Survey: Servicemembers satisfied with military life, but feeling more stress
October 16, 2004
(Click here to view graphics on the survey results.)
NAVAL STATION ROTA, Spain — According to a report obtained by Stars and Stripes, nearly two-thirds of U.S. servicemembers are satisfied with their overall military way of life, but more than half said they are more stressed than usual, a Pentagon survey shows.
More Air Force members reported they were satisfied, while the Army and Marine Corps had the lowest percentage satisfied, according to the 2003 Status of Forces survey by the Defense Manpower Data Center.
More than 32,000 active-duty servicemembers in July and August of last year took the online survey, which asked about everything from work-related stress to the overall satisfaction with health care benefits.
According to the survey, 72 percent of the Air Force members who took the survey said they were satisfied, compared with 61 percent for the Navy and 57 percent for both the Army and Marines. The percentages dropped across the board, but the Navy saw the biggest decrease dropping from 69 percent to 61 percent.
Navy Petty Officer 2nd Class Richard Grajales, 26, said he isn’t surprised that the Navy posted the largest decrease.
Grajales, who is based in Rota, blames cuts to recreation programs in Navy bases worldwide and the reduction in the number of sailors for the lower figures.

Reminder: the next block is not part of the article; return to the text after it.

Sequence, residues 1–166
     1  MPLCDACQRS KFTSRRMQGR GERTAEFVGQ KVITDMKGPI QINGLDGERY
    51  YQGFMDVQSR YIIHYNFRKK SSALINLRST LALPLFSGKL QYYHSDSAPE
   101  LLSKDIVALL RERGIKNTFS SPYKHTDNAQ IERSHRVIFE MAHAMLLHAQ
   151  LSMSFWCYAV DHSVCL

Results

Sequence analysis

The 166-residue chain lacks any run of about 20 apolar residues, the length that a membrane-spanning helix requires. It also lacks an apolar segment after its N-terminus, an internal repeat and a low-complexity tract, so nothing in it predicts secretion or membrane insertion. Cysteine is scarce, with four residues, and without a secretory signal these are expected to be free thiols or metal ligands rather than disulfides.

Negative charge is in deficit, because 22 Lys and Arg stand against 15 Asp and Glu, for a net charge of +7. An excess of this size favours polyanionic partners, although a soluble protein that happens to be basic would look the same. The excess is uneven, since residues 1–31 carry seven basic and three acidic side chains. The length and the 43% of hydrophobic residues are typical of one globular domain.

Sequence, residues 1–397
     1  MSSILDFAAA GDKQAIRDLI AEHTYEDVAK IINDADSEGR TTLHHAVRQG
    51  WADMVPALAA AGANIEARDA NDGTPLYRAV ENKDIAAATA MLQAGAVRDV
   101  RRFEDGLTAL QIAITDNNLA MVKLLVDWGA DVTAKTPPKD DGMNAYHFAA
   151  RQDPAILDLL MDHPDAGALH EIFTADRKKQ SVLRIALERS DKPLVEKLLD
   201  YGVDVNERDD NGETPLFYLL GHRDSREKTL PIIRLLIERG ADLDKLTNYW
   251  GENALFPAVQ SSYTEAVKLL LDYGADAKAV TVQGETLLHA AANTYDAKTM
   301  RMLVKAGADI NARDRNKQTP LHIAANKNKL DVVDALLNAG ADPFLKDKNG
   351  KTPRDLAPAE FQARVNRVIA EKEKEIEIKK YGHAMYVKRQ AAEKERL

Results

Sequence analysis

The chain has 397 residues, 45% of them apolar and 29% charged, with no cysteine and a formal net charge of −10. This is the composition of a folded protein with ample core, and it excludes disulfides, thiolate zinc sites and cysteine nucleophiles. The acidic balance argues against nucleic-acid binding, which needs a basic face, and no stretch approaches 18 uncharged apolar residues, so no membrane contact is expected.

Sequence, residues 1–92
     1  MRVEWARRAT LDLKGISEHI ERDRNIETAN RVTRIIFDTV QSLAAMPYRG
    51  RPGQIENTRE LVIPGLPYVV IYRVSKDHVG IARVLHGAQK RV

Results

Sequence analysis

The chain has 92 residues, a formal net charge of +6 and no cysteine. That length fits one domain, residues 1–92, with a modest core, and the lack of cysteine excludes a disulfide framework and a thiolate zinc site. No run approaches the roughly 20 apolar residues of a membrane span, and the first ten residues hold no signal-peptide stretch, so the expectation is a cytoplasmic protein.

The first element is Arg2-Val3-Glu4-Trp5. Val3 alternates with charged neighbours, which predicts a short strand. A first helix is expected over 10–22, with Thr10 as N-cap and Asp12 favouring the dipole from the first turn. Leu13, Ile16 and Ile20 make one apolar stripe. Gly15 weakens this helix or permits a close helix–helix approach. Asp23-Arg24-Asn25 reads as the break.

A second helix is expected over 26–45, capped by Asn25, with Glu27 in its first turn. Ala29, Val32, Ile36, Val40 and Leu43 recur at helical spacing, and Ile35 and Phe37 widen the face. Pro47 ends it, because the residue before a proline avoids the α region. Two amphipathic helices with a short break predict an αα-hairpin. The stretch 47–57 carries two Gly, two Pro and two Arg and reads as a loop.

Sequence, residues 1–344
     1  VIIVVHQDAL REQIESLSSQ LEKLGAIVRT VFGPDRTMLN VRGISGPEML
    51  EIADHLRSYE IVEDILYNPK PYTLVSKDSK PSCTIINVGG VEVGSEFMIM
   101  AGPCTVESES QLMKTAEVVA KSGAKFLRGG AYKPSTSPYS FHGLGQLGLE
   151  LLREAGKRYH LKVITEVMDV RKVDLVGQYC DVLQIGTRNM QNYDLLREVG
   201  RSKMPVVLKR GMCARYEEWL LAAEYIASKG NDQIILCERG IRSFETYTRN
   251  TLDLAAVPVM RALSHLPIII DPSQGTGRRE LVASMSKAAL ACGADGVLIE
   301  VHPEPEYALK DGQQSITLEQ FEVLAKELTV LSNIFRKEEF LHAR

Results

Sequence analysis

“Whenever there is change, people get worried,” he said. “And satisfaction has gone down because of the decreases in a lot of things.”
Senior Chief Petty Officer Todd Pigeon, 37, who has been in the Navy 19 years, said he enjoys being in the military and the many benefits that come with it. Pigeon and his wife were visiting Rota by hitching a ride on a space-available military flight from their home base from the States.
“I think it’s pretty good,” he said. “My quality of life is pretty good. I take advantage of all the benefits that we get.”
Sailors ranked their Navy Exchange stores higher than the Army and Air Force members rated theirs. For example, 78 percent were satisfied overall with the stores. That was 10 points better than what Army and Air Force members said. Sailors and Marines reported that their commissaries were better than the local retail stores, while more airmen and soldiers rated the military grocery stores worse.
Sixty-five percent of servicemembers said they were satisfied with their military health care benefits, but 55 percent said civilian doctors were more skilled than military doctors. Only 22 percent said the quality of health care in the military is better than what they would find off base.
The Air Force is generally perceived among servicemembers as having better housing, and the survey showed that airmen are the happiest with their living quarters.
Sixty-six percent of the airmen surveyed said they were satisfied with housing in general. That’s 13 percentage points higher than the Army, 14 points higher than the Marine Corps and three points higher than the Navy.
With the war on terrorism and the war in Iraq, many servicemembers said they were stressed. Army members and lower-enlisted personnel reported the highest levels of personal stress, especially males.
The work “tempo” might have something to do with it. Military personnel — led by the soldiers and Marines — worked an average of 95 days of overtime in a 12-month period.